Smoke from Buenos Aires 400 kilometers away and a couch hanging out in a plaza...weird things happen down here.
Despite my occasional sarcasm, Uruguay is an amazing country. There really is no other country like it to compare it to, and for such a small country, it has its own unique flavor. Not only are people nicer here than anywhere else I´ve been in Latin America, I also love discovering new oddities every day about this country, such as that the country went to the trouble of declaring it illegal to drink mate while riding the bus or driving (probably for the better).
Lastly, a few things I've learned down here from Uruguayans or just observed in general:
- Water is bad for you
- Oil does not have fat in it
- If you sleep without socks on you'll get sick
- If you don't drink enough whiskey you'll get sick
- The Chinese are dirty (not a general observation. All the Chinese I've met—Chinese here usually means from east Asia—have been very nice and one "Chinese" person from Taiwan invited me to drink tea at his house sometime)
- Fanny packs are in- leather, denim, corduroy...just about any fabric
- If you have a sweater and don't want to wear it, the stylish thing to do is tie the sleeves around the front of your neck and let it hang behind you...something of an improvised scarf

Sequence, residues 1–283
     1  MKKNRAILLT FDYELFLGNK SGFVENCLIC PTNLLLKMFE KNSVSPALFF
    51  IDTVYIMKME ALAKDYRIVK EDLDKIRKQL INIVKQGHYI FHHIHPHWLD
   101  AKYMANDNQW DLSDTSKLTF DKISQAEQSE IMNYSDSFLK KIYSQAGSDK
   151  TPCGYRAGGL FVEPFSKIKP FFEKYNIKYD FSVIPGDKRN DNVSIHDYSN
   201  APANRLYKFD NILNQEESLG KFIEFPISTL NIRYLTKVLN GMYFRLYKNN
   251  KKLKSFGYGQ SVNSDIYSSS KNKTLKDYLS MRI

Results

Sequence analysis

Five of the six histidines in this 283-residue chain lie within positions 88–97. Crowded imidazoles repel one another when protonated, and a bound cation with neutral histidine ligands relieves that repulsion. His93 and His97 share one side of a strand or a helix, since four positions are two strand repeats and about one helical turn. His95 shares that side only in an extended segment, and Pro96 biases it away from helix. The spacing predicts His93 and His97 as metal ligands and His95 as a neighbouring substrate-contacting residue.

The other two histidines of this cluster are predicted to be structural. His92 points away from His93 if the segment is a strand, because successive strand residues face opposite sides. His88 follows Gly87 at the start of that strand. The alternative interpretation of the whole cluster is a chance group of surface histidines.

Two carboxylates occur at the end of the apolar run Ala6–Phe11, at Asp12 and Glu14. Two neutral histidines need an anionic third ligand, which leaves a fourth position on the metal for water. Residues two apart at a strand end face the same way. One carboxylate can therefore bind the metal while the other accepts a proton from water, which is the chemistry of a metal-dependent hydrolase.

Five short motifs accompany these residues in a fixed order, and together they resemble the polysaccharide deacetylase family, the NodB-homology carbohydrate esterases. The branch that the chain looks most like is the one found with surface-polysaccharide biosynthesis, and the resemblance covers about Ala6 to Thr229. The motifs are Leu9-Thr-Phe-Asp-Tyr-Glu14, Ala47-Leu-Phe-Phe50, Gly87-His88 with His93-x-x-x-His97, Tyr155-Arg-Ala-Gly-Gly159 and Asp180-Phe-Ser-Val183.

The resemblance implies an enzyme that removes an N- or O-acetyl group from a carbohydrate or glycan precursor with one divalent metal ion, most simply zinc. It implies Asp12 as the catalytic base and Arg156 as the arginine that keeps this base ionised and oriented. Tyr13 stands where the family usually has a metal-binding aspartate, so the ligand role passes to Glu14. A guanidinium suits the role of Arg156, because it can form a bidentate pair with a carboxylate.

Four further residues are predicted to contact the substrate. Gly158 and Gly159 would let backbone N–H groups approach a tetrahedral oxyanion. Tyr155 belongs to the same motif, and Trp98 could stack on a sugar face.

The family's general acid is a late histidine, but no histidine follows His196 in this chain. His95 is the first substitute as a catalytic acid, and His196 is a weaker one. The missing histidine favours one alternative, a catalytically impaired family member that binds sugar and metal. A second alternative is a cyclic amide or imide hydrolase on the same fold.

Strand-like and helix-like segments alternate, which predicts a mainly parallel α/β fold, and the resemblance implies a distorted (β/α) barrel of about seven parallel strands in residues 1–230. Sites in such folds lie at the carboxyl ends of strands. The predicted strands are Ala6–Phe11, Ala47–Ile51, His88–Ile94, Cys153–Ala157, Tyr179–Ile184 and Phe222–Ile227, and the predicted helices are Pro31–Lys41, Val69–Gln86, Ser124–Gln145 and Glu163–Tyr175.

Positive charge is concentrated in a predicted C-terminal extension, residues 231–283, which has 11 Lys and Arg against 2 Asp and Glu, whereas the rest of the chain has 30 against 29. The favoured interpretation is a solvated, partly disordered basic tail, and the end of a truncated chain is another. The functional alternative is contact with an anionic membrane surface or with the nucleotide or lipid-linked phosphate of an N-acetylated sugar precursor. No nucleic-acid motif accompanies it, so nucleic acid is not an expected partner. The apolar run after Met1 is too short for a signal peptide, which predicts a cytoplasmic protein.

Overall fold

- Some type of pastry stuffed with tuna, mayonnaise and ketchup, left to ferment on the kitchen counter for 10 to 12 hours. I gagged before the first bite was down. The rest went straight to the dumpster outside since I wanted to sleep and not spend the night offering my dinner to the Porcelain God.
- Chicken, rice, peas, carrots and a bag of mayonnaise (mayonnaise is quite the popular cuisine down here, sometimes when I'm offered it my response is "why?" for example, if I'm having eggs for breakfast.
- The best way to make coffee is to leave the grinds in the coffee to brew for several hours, chill it overnight, and heat it up in the microwave the next day.
- Re-deep fried vegetables. To give you some perspective, these make tempura taste and look like steamed vegetables. If you want to try it, saturate a sponge in oil and take a bite. Those... vegetables, along with milanesa (fried chicken) and hard boiled eggs was dinner one night. Talk about throwing a curve ball to your digestive system.
On that note I'll leave you with this picture of Montevideo's self employed recycling service: